The western dietary pattern is prospectively associated with nonalcoholic fatty liver disease in adolescence

Wendy H. Oddy, Carly E. Herbison, Peter A Jacoby, Gina L. Ambrosini, Therese A. O'Sullivan, Oyekoya T. Ayonrinde, John K Olynyk, Lucinda J. Black, Lawrence J. Beilin, Trevor A Mori, Beth P. Hands, Leon A. Adams

Research output: Contribution to journalArticleResearchpeer-review

134 Citations (Scopus)

Abstract

Objectives: Poor dietary habits have been implicated in the development of nonalcoholic fatty liver disease (NAFLD); however, little is known about the role of specific dietary patterns in the development of NAFLD. We examined prospective associations between dietary patterns and NAFLD in a population-based cohort of adolescents. Methods: Participants in the Western Australian Pregnancy Cohort (Raine) Study completed a food frequency questionnaire at 14 years and had liver ultrasound at 17 years (n=995). Healthy and Western dietary patterns were identified using factor analysis and all participants received a z-score for these patterns. Prospective associations between the dietary pattern scores and risk of NAFLD were analyzed using multiple logistic regression. Results: NAFLD was present in 15.2% of adolescents. A higher Western dietary pattern score at 14 years was associated with a greater risk of NAFLD at 17 years (odds ratio (OR) 1.59; 95% confidence interval (CI) 1.17-2.14; P<0.005), although these associations were no longer significant after adjusting for body mass index at 14 years. However, a healthy dietary pattern at 14 years appeared protective against NAFLD at 17 years in centrally obese adolescents (OR 0.63; 95% CI 0.41-0.96; P=0.033), whereas a Western dietary pattern was associated with an increased risk of NAFLD. Conclusions: A Western dietary pattern at 14 years in a general population sample was associated with an increased risk of NAFLD at 17 years, particularly in obese adolescents. In centrally obese adolescents with NAFLD, a healthy dietary pattern may be protective, whereas a Western dietary pattern may increase the risk.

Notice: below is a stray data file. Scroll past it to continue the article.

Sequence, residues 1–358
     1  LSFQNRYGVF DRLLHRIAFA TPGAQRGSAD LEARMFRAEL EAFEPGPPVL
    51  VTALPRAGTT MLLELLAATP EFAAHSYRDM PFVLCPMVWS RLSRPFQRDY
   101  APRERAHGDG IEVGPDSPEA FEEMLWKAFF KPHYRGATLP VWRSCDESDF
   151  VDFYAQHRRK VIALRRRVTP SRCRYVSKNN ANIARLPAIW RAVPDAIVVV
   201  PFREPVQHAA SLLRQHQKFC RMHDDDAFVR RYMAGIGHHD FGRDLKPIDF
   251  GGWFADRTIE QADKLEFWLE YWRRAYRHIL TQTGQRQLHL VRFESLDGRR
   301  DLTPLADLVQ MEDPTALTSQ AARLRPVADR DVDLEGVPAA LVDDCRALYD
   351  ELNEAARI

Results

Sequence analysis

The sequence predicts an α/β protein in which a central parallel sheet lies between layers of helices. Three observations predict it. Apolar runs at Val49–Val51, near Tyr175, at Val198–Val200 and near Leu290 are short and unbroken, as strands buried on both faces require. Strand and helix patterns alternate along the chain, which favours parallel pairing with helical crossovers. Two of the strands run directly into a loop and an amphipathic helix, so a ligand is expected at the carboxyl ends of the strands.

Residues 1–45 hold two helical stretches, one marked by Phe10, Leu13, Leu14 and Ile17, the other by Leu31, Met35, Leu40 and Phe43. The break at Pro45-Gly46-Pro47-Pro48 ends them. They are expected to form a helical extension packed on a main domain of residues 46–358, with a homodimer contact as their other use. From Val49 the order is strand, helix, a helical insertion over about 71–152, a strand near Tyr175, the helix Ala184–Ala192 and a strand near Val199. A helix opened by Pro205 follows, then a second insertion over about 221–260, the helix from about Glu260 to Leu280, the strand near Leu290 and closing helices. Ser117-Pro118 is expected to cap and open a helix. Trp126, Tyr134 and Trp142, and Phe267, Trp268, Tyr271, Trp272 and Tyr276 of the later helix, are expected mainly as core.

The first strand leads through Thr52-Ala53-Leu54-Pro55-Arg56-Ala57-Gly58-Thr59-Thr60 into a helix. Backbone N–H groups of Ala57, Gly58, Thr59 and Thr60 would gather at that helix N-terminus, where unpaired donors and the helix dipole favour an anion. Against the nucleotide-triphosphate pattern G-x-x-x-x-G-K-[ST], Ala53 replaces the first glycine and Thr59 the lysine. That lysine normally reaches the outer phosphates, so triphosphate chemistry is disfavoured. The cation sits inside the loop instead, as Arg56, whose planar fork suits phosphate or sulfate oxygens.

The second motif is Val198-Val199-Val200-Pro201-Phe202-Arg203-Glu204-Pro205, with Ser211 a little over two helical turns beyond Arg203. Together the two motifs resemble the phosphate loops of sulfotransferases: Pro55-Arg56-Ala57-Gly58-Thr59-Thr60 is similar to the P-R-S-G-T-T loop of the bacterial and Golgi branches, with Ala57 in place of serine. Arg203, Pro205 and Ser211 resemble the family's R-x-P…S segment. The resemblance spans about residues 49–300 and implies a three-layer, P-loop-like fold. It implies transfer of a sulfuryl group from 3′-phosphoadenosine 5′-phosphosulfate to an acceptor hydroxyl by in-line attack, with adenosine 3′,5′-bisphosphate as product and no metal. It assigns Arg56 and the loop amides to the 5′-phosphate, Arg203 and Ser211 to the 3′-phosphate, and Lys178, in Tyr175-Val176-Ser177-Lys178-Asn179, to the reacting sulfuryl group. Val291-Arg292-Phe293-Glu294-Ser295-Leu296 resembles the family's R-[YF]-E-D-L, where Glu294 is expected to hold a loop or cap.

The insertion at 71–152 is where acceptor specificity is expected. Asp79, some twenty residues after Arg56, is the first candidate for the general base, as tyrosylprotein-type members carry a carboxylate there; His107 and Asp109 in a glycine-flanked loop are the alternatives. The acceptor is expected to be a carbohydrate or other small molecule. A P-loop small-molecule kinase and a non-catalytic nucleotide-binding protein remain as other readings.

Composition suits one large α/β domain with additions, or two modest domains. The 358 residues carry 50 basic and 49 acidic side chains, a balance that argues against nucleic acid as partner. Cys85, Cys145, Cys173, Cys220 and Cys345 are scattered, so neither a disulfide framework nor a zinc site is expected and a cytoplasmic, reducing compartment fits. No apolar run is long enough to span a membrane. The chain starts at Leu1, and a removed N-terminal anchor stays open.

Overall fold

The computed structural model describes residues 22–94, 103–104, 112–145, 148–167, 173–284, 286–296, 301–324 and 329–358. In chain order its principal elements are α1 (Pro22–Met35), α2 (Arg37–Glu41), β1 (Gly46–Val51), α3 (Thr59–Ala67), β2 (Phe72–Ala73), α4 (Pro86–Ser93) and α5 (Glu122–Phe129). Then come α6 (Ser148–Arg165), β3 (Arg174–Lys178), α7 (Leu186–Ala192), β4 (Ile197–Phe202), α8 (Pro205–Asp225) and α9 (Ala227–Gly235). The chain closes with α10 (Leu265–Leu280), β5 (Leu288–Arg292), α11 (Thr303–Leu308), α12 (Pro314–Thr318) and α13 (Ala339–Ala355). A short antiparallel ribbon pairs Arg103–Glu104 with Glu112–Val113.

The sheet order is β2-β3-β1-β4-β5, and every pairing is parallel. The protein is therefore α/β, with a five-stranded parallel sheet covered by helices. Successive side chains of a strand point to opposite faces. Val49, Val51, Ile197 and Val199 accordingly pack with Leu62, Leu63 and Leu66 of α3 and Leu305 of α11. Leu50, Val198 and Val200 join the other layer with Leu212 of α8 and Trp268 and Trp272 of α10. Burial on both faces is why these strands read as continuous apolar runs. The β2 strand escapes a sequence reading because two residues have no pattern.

Original languageEnglish
Pages (from-to)778-785
Number of pages8
JournalThe American Journal of Gastroenterology
Volume108
Issue number5
DOIs
Publication statusPublished - May 2013
Externally publishedYes

Cite this